Odenton residents yearning for a new grocery store and other retail and restaurants in town now have some data to back up their desires.
A new analysis of retail in the Odenton Town Center said the area has the population and demographics to support at least 400,000 more square feet of retail, including two new supermarkets.
A study commissioned by the Anne Arundel County Economic Development Corp. said Odenton is one of the top areas in the county for potential retail growth, and officials said they plan to aggressively market the area both regionally and nationally.
“We will continue to be very aggressive in marketing the county and very specifically in marketing Odenton, because we know this is the best opportunity for us in terms of new growth,” said AAEDC Executive Vice President Mary Burkholder. “There’s a lot of new development and redevelopment opportunities here.”
The AAEDC commissioned the study last year as part of ongoing efforts to move along the development of the 1,600-acre Odenton Town Center.
The study from Valbridge Property Advisors said there is currently 941,000 square feet of retail in the Odenton Town Center, but that the area could support 1.3 million square feet right now and 1.5 million square feet by 2017.
Those projections come despite massive amounts of new retail development at the Waugh Chapel shopping centers in Gambrills, as well as the shopping areas near Arundel Mills and other planned projects in the county.
"We judge that Odenton Town Center offers a strong local market to retailers today—and that its market logic will only improve in the mid-term future with continuing household and employment growth," the study said.
Burkholder said AAEDC officials could tout the study at the massive International Council of Shopping Centers convention in Las Vegas next year.
Support for Supermarkets, Restaurants
Ever since the closure of the Superfresh store in 2011, Odenton residents have wondered when they’ll be getting a new supermarket. Officials said the town currently could support two new markets comprising 240,000 square feet.
“Since existing supermarkets in the trade area (Food Lion and Weis) comprise less than 80,000 [square feet] of space combined, we estimate that there is actually room for at least two new supermarkets at this time,” the study said.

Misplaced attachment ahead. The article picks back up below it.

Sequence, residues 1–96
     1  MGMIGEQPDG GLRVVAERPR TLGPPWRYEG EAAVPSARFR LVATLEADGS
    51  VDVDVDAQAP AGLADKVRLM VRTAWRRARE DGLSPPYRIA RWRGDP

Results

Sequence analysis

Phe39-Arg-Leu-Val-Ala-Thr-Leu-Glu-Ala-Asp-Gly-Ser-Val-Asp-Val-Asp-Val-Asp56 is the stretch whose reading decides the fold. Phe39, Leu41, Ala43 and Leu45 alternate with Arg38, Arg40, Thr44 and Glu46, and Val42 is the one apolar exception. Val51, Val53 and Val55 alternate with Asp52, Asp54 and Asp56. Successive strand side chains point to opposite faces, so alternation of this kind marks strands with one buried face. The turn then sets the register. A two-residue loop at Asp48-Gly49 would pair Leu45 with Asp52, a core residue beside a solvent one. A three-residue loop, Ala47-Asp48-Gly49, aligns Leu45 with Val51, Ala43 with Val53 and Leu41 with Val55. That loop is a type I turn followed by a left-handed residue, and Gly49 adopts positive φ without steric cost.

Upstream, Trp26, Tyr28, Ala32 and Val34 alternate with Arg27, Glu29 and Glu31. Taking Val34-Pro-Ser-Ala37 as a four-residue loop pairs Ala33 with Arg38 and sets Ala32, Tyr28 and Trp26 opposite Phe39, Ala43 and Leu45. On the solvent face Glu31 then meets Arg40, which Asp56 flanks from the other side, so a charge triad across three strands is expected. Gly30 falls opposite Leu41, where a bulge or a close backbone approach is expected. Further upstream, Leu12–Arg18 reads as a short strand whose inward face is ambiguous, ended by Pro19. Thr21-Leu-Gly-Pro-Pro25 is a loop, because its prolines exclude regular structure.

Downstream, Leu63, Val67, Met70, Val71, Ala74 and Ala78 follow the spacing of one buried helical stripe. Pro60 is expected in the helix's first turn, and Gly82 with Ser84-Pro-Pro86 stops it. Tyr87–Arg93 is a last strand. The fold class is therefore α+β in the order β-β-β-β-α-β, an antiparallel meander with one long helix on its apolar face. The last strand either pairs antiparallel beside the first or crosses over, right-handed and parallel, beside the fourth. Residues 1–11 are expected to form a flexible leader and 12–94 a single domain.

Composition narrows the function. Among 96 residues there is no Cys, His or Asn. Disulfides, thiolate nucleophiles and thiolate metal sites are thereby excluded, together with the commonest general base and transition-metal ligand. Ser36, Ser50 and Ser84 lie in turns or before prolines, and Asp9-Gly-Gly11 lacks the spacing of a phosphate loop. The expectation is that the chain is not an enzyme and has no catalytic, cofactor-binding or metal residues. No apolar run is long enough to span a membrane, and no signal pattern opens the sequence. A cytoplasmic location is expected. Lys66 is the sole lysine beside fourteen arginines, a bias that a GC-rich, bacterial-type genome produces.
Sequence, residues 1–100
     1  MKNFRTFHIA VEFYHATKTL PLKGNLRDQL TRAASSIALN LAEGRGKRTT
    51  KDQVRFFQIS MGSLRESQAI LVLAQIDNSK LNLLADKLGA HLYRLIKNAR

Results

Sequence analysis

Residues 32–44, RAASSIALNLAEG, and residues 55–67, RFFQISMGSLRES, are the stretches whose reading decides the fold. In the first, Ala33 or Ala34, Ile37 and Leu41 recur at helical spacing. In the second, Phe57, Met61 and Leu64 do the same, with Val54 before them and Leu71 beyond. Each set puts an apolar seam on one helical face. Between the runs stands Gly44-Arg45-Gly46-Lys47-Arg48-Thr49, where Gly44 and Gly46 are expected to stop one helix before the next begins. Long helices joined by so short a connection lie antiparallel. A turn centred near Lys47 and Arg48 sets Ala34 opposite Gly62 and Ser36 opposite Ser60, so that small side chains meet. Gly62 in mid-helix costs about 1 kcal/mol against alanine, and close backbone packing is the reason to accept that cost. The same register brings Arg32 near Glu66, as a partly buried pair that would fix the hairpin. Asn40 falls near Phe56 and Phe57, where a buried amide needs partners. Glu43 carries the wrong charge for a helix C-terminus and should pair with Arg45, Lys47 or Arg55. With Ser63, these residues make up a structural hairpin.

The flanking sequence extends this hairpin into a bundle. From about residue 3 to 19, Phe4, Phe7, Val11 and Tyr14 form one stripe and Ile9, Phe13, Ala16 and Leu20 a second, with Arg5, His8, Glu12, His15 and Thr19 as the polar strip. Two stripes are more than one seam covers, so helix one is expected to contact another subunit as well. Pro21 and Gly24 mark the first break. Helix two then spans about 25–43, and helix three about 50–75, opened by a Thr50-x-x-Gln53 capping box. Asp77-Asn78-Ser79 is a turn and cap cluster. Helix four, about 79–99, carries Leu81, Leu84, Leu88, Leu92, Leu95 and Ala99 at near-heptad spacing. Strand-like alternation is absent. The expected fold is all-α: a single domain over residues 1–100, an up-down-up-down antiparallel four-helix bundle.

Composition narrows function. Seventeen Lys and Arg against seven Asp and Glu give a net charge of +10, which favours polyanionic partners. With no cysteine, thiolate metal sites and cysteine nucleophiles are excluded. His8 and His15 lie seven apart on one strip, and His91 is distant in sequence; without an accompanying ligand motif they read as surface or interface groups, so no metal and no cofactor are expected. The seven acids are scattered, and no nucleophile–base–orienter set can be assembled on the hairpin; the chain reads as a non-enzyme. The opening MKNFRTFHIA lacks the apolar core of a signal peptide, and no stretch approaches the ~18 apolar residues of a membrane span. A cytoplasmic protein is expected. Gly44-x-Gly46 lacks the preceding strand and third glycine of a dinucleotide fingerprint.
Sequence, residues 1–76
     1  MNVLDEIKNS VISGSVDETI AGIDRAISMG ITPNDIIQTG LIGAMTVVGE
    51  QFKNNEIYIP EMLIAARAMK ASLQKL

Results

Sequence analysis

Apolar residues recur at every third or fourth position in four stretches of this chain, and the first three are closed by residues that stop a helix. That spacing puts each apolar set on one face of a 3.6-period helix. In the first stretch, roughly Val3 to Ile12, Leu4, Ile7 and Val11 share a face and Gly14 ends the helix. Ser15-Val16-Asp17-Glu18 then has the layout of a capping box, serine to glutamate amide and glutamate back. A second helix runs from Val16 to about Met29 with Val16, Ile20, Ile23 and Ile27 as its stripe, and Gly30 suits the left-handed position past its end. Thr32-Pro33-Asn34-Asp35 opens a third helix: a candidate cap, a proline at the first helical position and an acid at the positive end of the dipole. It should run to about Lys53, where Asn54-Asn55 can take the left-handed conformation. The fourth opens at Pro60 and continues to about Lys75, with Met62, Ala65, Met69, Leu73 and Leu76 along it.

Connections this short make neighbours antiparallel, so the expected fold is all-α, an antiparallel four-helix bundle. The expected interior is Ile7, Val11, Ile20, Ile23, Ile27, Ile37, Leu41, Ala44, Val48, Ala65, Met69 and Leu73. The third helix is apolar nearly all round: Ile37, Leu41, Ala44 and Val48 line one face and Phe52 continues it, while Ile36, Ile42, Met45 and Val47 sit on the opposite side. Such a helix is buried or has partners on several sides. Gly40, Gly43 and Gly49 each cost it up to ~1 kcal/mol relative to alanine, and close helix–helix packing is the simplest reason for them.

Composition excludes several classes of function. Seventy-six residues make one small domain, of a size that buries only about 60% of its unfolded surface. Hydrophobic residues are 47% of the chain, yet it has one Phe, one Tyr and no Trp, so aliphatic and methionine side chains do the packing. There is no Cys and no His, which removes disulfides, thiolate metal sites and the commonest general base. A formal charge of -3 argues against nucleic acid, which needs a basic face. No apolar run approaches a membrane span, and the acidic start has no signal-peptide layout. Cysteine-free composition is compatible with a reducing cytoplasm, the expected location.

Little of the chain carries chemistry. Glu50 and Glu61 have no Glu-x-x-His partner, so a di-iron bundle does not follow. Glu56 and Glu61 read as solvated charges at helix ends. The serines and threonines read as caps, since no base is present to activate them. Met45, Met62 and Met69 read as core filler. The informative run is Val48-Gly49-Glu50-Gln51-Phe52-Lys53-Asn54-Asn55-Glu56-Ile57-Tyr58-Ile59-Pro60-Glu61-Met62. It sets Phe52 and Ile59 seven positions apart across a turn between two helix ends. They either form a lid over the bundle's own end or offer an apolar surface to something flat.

The study authors said local residents spent $146.7 million on food at home in 2012, and that total could rise to $171 million by 2017.
Burkholder said the AAEDC is actively working to market the former Superfresh site, which could house a larger grocery store when combined with the space left when CVS closed.
"There are a couple of appropriate sites we'd like to show people," Burkholder said. "We think that's something that is going to come to fruition."
The study also said that Odenton could support an additional 50,000 square feet of restaurant space, growing to a total of 147,000 square feet by 2017.
The retail analysis said there are also opportunities for new day care centers, medical facilities and service-oriented retail.
Message To Developers?
The study of Odenton comes after several developers reported that they had trouble finding retailers to fill space as part of requirements in the Odenton Town Center Master Plan. Developers of apartment and townhouse projects, for instance, have requested modifications to allow for less retail on site.
Claire Louder, the chairman and CEO of the West Anne Arundel County Chamber of Commerce, said the study does not necessarily mean those developers were wrong about Odenton’s retail market. She said there are still certain parts of town where retail won’t work well, but plenty of others that will.
“I think it is very location-based,” she said. “We need to look at the master plan with an eye for where retail makes the most sense.”
Focus Near the Train Station
Economic development officials said they are placing their attention on a massive housing and retail project near the Odenton MARC Station. Odenton Town Square—also known as the TOD—would serve as a centerpiece to the broader development in town.
In recent years, the project has been held up due to financing issues and questions about how to fund structured parking at the site. But officials said they hope to have at least a basic deal in place by early next year to move the project forward. That plan could involve charging a fee to park at the MARC station for the first time, officials said.
Authors of the retail study said that structured parking would add cost to developers but will be needed to satisfy the vision of the town center.
“OTC’s appeal to decision-makers in the short-term will be improved with evidence of continuing new construction—and, if possible, new structured parking in the core area to support ground-level retail,” the study said.